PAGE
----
I am addicted to nicotine. It took me almost 16 years to arrive at this realization. There were signs along the way but like any addict I ignored them. I began my path to addiction my sophomore year of College. Up until that point, I had never injected nicotine of any kind into my system. Even though I grew up in a home with a smoker, I never had the urge to give tobacco a try. I hated my mom smoked. I never understood why she could not quit and I swore to not follow a similar path.
The Grip Sets The Trap
It is interesting how youth makes you stupid. My first dip was a pinch of Cope. Although I was not a big fan of Cope, I enjoyed it enough to buy a can the next day. It was not long before I made the transition to Skoal Mint. In the early years, I was mostly an open dipper. Outside of not dipping in front of my parents, I pretty much dipped where and when I wanted. I was lured into the belief I could manage the habit. Yes, I believed it was a habit. It would be many years before I would realize the power of “the grip”. Yet, I still had the balls to give my mom a load a crap about smoking. All the while, I was stuffing my face with the same crap. I was stupid.
The Grip Takes Control
Following College, I embarked on a professional sales career. It would have been a great time to reassess and make change. Unfortunately, the long hours and travel only helped to strengthen my dependency. Dipping became more of a need than a desire. If I hit the road for a long business trip, the first thing I did was put in a big fatty. I really believed I could not drive without dip. If I flew, I would think about the dip I was going to put in when I got into my rental car. I could easily blow through ½ can sitting in my hotel room. Slowly but surely, I had developed a series of triggers. The longer I dipped the more triggers developed.
By the time I was married in 2000, I was a full-on slave to the can. I had openly dipped in front of Christy during our courtship. She did not like the habit but she tolerated it. Now that we were married and living together, she wanted me to consider quitting. I would spend most of the next 6 years making promises I did not keep. I promise to quit:
- By our 1st anniversary
- When we move into our new house
- When you get pregnant
- When the twins are born
Facing increased pressure to quit, I started to become a “closet” or “ninja” dipper. It did not happen overnight but with each broken promise I began to withdraw. The grip was now in control.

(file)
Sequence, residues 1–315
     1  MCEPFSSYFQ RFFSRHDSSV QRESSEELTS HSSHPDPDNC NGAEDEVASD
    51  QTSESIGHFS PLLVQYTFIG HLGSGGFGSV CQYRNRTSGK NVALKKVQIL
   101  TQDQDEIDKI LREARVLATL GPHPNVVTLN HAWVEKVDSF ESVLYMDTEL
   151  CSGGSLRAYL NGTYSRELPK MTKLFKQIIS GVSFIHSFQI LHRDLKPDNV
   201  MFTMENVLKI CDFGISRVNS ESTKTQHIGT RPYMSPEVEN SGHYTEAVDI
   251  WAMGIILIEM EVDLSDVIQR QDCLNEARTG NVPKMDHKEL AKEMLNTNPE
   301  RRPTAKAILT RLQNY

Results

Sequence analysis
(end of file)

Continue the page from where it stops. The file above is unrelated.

The Grip Won’t Let Go
Addiction will make you selfish. Once I went underground with my dipping, I would do anything to find alone time to get in a dip. I remember leaving the hospital the day my twins were born to go home so I could get in a dip. I stopped going to bed with my wife so I could get in one last dip before the end of the day. I could go on and on. Although I did not need a dip in my mouth 24X7, when I needed it I would do anything to get it. I would put the can in front of most anything.
During the last year, I began to realize I was heading down a slippery slope. I was living a lie. I became very edgy almost panicky. I became increasing concerned my addiction was impacting both my health and my marriage. My actions were no longer consistent with the man, husband and father I wanted to be. For the first time, I wanted to quit but I was struggling to put down the can. As days passed, I would become more isolated. I needed help but did not know where to turn. I wanted to come clean with my wife but I did not know how.
Then God Sent Terry Francona
It was Thursday, March 1st, 2007. After spending the early part of the week on the road, I was working from my home office that day. My wife was out for the day with the kids so I had a big fatty in my mouth. At some point, I clicked over to ESPN to get the latest sports news. Since I am a diehard Yankee fan, I scanned the site for any Yankee information and/or information about the hated Red Sox. When I first saw the headline, I did not want to click it open. I did not want to be reminded of my weakness.
Eventually, I did click open the article and it was the first step on my road to getting quit. Although I hate the Red Sox, I have a lot of respect for what Francona has done with that team. Now, he was willing to go public with his quit. I took notice. More importantly, I took notice of a post at the bottom of the page titled killthecan.org.
I did not know it at the time but WhoDey’s gesture of brotherhood would change my life. I found the help I had been craving. I spent the next hour or so reading the site and decided it was time to quit. I flushed my new can of Skoal down the toilet and posted roll. I had a lot of reasons to quit but that day I decided I was quitting for me. The last 100 days have not always been easy but I used this site the way it is suppose to be used.
- I shared my story
- I posted daily
- I asked for support and supported others
- I made quitting my number priority
Along the way I learned a lot about myself and more importantly I learned I was not alone. I want to thank my A-Team quit brothers. Each day you guys reinforced my quit. I look forward to welcoming all of you into the Hall. To all the old-timers, thank you for continued support. I especially want to thank Chewie, LOOT, and WD. You guys always provided the right balance of information, encouragement, and kicks in the ass. It worked. Finally, I want to thank my wife. Early on in my quit, I came clean and asked for her support. She has played a large part in helping keep me focused the last 100 days.
I could not have done it without her support.
I have won a major battle but I realize this will be an ongoing war. Today, I feel more prepared than ever. Get Busy Living or Get Busy Dying. I choose living.